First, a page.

Live music, satirical cartoons and theatre on wheels – these are some of the spectacles showcased this month at the Chorlton Arts Festival in Manchester, whose eclectic programme is as ambitious as ever. Created in 2000, the annual event presents 10 days of music, visual arts, comedy and performance in the leafy South Manchester suburbs of Chorlton-cum-Hardy. The festival has since grown in size and scope, securing some of the biggest names in the arts while maintaining a focus on musicians and performers from the local area. It is now a permanent fixture in the festival calendar, and its organisers hope to attract an audience of more than 15,000 to beat last year’s record figure.
This year’s highlight is Theatre Exterior, an Arts Council-funded theatre project which comprises a selection of stage productions in unique venues, from barbers to bookstores and even on-board the Metrolink tram as it travels along the newly opened tram line to Manchester Airport. The latter, entitled TRAM, was created by the multi-award winning theatre company Shred Productions, and will celebrate how we journey through Manchester, and explore what it means to live in the growing city in 2015.
Trevor MacFarlane, Shred Productions’ creative director, said: “The trams really have become symbols of Greater Manchester, encapsulating the city’s metropolitan energy and continued ambitions for growth. We hope to create an intimate but dynamic live performance that will explore the ideas of journey, togetherness and urban living in the 21st century. Above all, we hope the audience will enjoy the truly unique (if not slightly surreal) experience of watching a play on a moving tram!”
Two of Manchester’s finest, and least known, celebrities also make an appearance. Fontoonery is an exhibition of Private Eye cartoons by Tony Husband. The cartoonist, who lives in Tameside, is responsible for satirical magazine’s much-loved Yobs comic strip, and he has also illustrated for The Times, The Spectator and The Sun. He will be signing copies of his recent book, Take Care, Son (2014), which will soon be adapted into a film by Lupus Films, the creators of The Snowman (1982).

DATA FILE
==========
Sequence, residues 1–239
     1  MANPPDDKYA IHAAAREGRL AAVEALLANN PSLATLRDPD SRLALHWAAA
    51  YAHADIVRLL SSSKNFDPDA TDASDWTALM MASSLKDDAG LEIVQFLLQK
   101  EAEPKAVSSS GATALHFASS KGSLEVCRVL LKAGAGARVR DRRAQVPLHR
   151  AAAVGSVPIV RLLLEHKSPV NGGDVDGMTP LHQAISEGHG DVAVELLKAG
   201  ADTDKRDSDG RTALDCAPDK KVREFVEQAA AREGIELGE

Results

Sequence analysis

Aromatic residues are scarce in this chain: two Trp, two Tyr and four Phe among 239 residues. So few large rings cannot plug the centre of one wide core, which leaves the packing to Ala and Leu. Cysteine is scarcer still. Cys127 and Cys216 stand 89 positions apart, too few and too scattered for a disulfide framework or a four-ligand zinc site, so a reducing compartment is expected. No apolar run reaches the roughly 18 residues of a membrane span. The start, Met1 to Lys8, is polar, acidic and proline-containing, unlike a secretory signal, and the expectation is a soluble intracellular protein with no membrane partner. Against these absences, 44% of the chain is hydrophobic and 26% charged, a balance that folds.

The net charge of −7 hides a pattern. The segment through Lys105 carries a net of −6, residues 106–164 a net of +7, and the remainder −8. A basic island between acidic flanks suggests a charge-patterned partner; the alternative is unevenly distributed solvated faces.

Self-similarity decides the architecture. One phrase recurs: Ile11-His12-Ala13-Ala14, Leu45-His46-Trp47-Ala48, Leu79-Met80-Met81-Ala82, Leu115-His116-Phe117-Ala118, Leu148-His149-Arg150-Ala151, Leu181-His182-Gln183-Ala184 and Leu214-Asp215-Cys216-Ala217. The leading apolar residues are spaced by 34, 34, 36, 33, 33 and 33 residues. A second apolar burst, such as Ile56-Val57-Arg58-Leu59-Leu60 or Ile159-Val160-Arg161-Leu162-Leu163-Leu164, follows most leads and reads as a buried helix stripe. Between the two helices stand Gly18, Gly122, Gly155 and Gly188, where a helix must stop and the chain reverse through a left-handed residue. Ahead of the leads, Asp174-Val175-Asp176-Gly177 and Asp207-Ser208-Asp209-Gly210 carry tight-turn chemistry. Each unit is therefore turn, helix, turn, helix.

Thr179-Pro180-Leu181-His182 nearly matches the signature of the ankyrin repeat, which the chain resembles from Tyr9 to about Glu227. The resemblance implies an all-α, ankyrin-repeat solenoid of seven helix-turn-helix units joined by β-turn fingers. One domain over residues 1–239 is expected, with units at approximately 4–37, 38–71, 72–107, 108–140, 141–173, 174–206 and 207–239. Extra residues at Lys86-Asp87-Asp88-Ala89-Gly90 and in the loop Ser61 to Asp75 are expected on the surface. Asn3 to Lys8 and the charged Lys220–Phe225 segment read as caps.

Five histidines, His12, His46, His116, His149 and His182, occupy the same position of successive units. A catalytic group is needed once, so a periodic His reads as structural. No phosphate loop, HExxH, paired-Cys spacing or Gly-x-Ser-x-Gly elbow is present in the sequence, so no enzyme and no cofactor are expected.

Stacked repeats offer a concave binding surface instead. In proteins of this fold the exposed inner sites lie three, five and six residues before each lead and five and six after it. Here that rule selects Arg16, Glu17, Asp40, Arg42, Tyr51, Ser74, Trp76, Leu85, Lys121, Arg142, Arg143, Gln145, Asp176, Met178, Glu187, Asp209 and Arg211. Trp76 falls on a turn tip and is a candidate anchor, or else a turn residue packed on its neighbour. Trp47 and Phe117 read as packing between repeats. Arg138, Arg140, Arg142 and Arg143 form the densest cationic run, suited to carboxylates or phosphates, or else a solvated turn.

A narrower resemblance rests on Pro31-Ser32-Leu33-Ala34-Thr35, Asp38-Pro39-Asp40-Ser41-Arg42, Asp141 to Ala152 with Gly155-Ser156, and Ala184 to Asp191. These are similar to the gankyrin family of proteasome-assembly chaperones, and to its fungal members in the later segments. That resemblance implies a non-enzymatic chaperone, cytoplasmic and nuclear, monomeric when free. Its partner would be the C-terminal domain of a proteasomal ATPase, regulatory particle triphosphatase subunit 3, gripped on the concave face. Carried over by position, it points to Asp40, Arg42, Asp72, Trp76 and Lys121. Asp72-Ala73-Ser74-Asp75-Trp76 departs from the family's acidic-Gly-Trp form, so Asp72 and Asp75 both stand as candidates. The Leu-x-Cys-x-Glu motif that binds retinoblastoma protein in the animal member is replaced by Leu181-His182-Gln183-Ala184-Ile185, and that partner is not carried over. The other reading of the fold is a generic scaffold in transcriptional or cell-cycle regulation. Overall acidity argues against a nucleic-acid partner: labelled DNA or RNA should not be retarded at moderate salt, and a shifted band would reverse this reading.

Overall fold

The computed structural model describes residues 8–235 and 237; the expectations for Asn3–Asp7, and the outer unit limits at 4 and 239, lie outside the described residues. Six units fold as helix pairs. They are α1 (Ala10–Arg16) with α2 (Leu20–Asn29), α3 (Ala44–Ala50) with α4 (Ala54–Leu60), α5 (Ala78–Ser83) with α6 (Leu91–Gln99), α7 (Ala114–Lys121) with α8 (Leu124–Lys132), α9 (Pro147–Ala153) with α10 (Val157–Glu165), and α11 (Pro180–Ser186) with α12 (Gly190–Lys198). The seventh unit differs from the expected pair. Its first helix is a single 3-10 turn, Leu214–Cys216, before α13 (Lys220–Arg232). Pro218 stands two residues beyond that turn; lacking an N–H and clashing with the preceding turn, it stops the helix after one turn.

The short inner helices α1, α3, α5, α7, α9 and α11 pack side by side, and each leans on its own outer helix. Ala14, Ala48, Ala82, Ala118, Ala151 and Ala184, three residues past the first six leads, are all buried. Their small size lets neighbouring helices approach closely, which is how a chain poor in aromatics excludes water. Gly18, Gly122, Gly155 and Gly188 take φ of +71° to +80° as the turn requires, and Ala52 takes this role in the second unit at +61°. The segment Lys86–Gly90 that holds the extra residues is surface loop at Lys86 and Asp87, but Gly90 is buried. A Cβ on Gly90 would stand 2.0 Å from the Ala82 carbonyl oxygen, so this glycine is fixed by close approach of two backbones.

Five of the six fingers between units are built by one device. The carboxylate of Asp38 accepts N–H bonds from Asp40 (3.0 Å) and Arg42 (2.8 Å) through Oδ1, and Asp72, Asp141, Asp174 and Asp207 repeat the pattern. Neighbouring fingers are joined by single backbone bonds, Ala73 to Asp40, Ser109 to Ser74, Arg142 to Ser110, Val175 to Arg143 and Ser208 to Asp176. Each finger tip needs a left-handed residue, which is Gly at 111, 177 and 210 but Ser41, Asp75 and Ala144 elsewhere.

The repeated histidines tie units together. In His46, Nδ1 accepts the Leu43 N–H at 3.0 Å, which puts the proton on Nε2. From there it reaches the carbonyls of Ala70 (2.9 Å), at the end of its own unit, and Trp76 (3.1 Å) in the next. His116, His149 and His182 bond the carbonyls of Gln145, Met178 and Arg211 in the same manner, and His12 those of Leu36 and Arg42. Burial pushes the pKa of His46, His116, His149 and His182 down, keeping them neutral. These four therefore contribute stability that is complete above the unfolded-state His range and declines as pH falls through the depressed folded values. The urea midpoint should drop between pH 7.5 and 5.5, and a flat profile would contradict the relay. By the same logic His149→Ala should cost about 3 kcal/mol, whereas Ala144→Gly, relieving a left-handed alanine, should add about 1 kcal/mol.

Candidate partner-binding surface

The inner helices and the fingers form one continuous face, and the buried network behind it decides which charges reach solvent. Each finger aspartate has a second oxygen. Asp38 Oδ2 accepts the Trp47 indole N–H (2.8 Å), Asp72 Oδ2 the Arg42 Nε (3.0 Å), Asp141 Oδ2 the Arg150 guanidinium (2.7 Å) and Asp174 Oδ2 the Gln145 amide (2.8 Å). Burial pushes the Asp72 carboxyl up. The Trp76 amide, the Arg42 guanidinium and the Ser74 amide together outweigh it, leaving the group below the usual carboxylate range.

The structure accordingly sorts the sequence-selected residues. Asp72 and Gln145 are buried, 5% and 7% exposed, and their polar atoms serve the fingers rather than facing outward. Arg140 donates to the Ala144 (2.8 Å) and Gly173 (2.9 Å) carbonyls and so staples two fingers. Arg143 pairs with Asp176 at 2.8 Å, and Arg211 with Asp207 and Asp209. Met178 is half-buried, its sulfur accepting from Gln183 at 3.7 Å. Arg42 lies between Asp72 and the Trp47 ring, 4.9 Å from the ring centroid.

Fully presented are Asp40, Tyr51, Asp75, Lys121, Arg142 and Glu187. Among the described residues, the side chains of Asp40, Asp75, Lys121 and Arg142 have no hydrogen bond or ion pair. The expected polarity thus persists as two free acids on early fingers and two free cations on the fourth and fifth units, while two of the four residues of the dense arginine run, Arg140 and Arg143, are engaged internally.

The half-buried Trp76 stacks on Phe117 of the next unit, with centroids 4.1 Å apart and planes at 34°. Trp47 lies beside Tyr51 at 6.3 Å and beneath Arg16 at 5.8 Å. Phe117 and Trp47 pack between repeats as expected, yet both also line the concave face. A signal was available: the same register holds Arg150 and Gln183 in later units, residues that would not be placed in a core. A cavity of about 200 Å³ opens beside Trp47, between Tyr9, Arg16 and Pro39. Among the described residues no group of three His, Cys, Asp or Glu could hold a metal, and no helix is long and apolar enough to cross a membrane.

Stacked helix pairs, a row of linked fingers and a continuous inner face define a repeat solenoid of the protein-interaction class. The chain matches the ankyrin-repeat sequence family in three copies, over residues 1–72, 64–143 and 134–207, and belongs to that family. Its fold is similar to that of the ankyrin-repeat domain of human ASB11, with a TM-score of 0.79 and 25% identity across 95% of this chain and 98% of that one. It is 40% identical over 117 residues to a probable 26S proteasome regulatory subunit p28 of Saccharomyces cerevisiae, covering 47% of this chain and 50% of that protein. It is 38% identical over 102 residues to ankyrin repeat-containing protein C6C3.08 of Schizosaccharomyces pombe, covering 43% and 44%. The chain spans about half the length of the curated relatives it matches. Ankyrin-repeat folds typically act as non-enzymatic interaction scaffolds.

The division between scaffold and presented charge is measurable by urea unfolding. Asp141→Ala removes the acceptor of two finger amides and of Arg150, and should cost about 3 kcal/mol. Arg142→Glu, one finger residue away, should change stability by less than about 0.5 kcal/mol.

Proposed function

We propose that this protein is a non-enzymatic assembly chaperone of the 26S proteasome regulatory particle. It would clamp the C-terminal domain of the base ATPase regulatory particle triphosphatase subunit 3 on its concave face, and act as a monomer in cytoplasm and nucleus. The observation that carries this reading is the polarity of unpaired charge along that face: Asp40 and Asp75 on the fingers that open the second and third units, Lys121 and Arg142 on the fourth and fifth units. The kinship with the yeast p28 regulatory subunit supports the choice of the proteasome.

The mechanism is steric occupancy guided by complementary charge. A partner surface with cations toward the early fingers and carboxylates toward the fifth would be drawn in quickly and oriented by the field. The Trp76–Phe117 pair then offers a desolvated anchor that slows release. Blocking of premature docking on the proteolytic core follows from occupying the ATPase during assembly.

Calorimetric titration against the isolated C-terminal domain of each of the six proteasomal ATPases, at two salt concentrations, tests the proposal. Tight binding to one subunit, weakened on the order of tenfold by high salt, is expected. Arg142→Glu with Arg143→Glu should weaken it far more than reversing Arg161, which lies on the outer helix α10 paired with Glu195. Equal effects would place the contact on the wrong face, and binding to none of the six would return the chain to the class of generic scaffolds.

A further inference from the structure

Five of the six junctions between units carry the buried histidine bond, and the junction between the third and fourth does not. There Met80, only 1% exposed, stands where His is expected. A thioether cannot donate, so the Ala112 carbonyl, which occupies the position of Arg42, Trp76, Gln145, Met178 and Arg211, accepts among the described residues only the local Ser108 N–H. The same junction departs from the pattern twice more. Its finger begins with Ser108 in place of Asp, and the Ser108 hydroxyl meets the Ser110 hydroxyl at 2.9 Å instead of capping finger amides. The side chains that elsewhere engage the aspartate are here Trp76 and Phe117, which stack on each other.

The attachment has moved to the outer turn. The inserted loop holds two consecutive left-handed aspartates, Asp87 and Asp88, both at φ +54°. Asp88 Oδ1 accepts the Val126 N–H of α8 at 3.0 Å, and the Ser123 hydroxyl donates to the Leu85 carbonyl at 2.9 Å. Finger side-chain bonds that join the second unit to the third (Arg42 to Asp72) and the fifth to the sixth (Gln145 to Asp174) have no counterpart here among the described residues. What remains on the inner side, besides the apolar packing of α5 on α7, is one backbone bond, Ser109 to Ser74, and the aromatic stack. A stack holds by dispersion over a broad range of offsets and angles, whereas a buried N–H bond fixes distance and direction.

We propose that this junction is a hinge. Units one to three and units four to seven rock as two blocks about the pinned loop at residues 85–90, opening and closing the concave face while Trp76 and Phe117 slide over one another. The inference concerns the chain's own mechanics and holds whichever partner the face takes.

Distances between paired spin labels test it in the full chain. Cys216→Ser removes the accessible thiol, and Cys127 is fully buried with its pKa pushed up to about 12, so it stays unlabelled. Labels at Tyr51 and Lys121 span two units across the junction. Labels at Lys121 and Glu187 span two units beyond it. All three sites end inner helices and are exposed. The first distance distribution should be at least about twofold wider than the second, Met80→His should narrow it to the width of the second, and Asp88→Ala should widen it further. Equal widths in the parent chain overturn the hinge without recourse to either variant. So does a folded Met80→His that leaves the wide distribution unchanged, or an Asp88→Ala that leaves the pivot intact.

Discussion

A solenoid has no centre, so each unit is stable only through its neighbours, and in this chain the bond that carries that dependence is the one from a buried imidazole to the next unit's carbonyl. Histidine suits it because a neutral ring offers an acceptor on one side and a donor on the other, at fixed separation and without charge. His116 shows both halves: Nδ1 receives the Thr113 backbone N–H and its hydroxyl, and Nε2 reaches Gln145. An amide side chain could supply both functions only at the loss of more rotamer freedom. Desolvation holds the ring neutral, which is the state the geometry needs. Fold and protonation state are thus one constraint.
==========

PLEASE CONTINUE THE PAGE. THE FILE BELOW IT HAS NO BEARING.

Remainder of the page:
On the same weekend, an event called In Conversation features Steve Hanley, a former bassist for Manchester’s rowdiest post-punk band, The Fall. Olivia Piekarski, the co-author of Hanley’s biography The Big Midweek: Life Inside the Fall (2014), will be leading the Q&A discussion on Hanley’s 19 years working under the leadership of the band’s notorious and belligerent frontman, Mark E. Smith.
Internationally acclaimed musicians will be in the limelight during the final Bank Holiday weekend (22 to 24 May) that brings the festival to a close. The folk duo O’Hooley & Tidow will open the ‘Chorlton Weekender’ in the atmospheric St Ninian’s Church. Continuing in the same vein on the following Saturday night, is the Manchester favourites The Travelling Band performing their own psychedelic brand of alternative folk at St Clements Church, with support from blues-influenced Chorlton two piece, WALK. The festival closes on Sunday with Young Knives, whose jerky rhythms and angular riffs have drawn comparisons with Franz Ferdinand.
Ella Byford, director at Chorlton Arts Festival, said: “We’re delighted to be presenting such a diverse and unique programme for CAF 2015, from site-specific theatre on the Metrolink, to cutting-edge musicians performing in unique venues across Chorlton. With over 120 events, the majority free of charge, there’s something for everyone.”
The Chorlton Arts Festival runs until 24 May. For tickets and information, visit www.chorltonartsfestival.com.
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1. Guy Meachin, Dislocation. Courtesy of Chorlton Arts Festival.